In seven months' time (April 2017), all UK employers
with an annual pay bill in excess of £3m will pay an
apprenticeship levy of 0.5% of their annual pay bill through the
PAYE system. The idea is that the levy is paid into an account
through which these employers can access funding for
The levy applies UK-wide, but education and training is a
devolved policy, which means that authorities in each of the UK
nations manage their own apprenticeship programmes. It is
extremely likely that the schemes put in place in England,
Scotland, Wales and Northern Ireland for accessing the funding will
all operate differently.
For example, the UK Government's current consultation
includes rules on what the employer can and cannot spend the
apprenticeship funds on. It proposes that the funding can be used
only towards the costs of apprenticeship training and end point
assessment. However, the Scottish Government's consultation,
which closed recently, suggested a more flexible approach which
sees levy funding supporting workforce development more
widely. On the face of it, employers of Scotland-based
employees may be able to use the levy funding to help with
apprentice travel costs or wider workplace training programmes, for
This may be another administrative headache for employers with
cross-border operations and training activities.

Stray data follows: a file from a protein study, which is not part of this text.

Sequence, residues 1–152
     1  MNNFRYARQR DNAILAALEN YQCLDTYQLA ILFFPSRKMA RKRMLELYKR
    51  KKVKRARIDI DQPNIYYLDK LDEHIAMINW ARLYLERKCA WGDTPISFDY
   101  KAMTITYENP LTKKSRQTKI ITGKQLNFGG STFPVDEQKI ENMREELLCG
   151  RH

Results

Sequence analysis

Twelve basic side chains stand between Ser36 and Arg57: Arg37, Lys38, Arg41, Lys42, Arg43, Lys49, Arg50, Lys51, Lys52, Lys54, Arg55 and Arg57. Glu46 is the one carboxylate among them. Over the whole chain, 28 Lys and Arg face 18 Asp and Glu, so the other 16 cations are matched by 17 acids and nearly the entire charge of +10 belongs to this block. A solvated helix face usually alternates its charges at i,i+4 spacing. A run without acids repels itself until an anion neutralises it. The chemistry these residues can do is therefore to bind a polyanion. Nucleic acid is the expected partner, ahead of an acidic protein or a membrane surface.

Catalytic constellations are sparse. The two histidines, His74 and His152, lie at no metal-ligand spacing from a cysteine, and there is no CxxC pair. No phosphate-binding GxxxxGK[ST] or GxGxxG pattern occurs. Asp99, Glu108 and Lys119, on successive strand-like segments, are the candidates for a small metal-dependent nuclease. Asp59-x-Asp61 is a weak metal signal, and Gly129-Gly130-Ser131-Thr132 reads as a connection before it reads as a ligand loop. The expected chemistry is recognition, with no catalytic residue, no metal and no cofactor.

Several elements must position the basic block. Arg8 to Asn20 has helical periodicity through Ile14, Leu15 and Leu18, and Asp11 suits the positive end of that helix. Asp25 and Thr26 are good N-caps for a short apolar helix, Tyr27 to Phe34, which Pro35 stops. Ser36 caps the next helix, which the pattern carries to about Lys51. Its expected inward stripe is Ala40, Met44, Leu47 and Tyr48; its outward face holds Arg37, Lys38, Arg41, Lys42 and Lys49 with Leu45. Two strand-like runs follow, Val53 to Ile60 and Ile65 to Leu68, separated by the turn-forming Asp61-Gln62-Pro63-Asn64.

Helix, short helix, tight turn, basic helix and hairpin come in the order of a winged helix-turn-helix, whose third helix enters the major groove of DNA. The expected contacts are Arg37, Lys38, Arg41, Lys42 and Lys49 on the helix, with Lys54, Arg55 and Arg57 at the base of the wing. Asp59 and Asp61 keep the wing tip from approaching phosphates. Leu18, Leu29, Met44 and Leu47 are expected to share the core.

It is also proposed that the geographical split will be
calculated based on HMRC's records of the home address of
employees. The UK government and the devolved administrations
say they are working together on the scope for reciprocal funding
arrangements for employees who live in, for example, England but
who may work elsewhere in the UK.
For more information about the apprenticeship levy, see our
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matter. Recipients should not act on the basis of the information
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The Court of Appeal has held that where a contract of employment lacks a provision for when notice of termination takes effect, it is effective from when the employee personally takes delivery of the letter containing notice.
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